Each country has a distinct history, hence unique institutions, laws and arrangements. Nowadays, many critical issues are global, but it is not the level at which states operate. As a result, the influence of the elites and wealth inequality increased, and the elites became less accountable. The issues we face, like global warming, crime, and infectious diseases, require a global approach. Businesses increasingly operate internationally. Existing world institutions lack legitimacy and democratic oversight. And there are issues with democracy itself.

Liberal democracy emanated from liberalism, which centres around the individual. We are social animals and collaborate in groups and societies. Liberals may neglect societies. Most notably, neoliberalism helped to undermine their social fabric. Societies are more than social contracts. They can make people feel they belong to a community and it is a basis of social cohesion. That is why we can become emotionally attached to our nation-states.

The liberal view holds that you are free to do as you please unless you harm others. That can work well if we correctly identify harm to others. In the past, the definition of harm has been too narrow. As a result, we now have to deal with consequences like the disintegration of societies, mass migration, pollution and depletion of resources. Liberal democracy works best when there is a balance of power between social groups, and none can dominate the others. In recent decades, the balance of power shifted in favour of corporations and wealthy people, and conditions became less favourable to liberal democracy.

Individualism allows us to appreciate personal experiences and feelings. Everyone’s life is different, and you do not know how it is to be someone else who has a different life. For instance, a white man can never truly understand how it is to be a black woman and how it is to be discriminated against by whites and to be beaten up by her jealous boyfriend. That is true, and personal experiences can help to identify underlying problems, but once personal feelings get the upper hand, there remains less room for objective reality. And solutions more likely come from addressing facts than from catering for sensitivities. But people often desire attention and understanding rather than solutions for their problems.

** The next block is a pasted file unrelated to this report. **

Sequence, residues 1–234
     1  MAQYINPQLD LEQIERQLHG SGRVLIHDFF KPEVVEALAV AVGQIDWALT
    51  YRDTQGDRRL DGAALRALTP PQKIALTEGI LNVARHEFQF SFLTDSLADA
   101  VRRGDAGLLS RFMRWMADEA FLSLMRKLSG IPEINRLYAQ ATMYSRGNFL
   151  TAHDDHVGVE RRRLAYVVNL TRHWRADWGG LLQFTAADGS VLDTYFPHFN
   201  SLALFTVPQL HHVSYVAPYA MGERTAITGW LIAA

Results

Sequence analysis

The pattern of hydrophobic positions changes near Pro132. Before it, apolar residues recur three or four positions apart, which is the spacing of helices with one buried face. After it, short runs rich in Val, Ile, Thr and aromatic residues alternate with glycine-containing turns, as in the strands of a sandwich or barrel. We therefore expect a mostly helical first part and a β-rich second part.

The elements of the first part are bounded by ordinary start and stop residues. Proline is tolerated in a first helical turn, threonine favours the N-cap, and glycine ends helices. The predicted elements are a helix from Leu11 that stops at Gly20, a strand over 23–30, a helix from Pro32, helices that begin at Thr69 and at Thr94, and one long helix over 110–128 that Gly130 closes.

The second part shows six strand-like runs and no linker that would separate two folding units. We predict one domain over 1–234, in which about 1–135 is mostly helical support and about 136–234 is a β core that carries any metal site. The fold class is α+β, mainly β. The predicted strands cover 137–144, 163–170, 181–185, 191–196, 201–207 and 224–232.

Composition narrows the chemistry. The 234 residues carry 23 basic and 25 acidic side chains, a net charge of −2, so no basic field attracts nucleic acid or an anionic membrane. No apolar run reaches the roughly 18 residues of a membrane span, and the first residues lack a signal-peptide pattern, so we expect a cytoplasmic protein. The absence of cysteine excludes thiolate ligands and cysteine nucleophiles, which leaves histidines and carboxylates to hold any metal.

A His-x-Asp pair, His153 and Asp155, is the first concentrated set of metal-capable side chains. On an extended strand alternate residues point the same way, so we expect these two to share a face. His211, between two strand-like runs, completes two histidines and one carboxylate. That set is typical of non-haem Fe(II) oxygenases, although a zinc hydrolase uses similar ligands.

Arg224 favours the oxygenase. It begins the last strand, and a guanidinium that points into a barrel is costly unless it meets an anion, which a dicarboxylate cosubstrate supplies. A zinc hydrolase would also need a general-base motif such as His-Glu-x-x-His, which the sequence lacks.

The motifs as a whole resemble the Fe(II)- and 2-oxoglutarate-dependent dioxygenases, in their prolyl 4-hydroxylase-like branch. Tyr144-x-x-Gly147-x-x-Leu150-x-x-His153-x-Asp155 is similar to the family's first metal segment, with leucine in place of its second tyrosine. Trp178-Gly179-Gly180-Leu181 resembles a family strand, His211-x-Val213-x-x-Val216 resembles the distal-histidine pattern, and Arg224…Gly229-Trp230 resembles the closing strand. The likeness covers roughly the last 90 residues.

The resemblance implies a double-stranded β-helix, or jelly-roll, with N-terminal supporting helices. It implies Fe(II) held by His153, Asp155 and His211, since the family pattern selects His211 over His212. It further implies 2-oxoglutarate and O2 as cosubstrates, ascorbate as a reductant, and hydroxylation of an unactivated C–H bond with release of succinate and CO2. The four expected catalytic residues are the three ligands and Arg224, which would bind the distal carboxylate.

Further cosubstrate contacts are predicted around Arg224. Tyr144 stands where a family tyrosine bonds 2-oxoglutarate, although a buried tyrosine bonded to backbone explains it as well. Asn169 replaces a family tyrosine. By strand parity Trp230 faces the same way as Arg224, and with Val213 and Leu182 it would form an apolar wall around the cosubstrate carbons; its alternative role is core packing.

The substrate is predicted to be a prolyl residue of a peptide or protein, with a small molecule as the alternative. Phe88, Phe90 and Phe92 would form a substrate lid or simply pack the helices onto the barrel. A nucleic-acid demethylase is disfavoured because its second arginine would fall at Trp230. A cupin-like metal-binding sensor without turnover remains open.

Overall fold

It is hard to interpret data, scientific analysis, correlation and probability when multiple causes interfere with the outcome. In economics, that is all too clear, and the mathematical models that economists use can give us a false impression of exactness. Scientists can err, but usually, it is up to science to prove that. For instance, we use coronavirus vaccines based on a risk assessment. There is a chance the vaccine harms you, so you only take it if the disease is more dangerous than the vaccine. Vaccine sceptics have a different assessment of the risks of the disease and the vaccine, often based on incorrect information. Nevertheless, the coronavirus vaccines are of a new type, and their long-term consequences are not yet known.

We do not always know beforehand what will work. Technocratic issues usually are not well-suited for politics. Measures can have unintended consequences. Improvements may come from trial and error, and problems often are not fully solved. Politicians may not be interested in improvement. Instead, they may tout their ‘solutions’ based on their ideology or religion and simplify matters to play on the emotions of voters. Perhaps you have the impression that politicians are more occupied with political theatre or doing the bidding of lobbyists than the betterment of your country. You are not alone.

The boards of corporations and government agencies make decisions that affect us all. Meanwhile, corporations and governments collect data about us. Their decisions usually stay outside the public view. Lobbyists influence the political process and often operate in secret. On the local level, business representatives befriend politicians and civil servants who grant them contacts. These things happen everywhere, and also in countries with low levels of corruption. Successful people in business and politics spend much time on social networking. The elites are, above all, a social network.

We are accustomed to growth, for instance, economic growth, and so are our political institutions, but we are using more than Earth can provide. To prosper in the future, we must change how we live. We hope for a better future but think in material terms, not well-being. Property, not happiness or love, has become the ultimate goal in many lives. And for many, the ultimate nightmare is to own nothing and be happy. We will not elect politicians who tell us we have to do with less. The expectation of material gain defines our political systems. After all, big men distribute resources to their followers.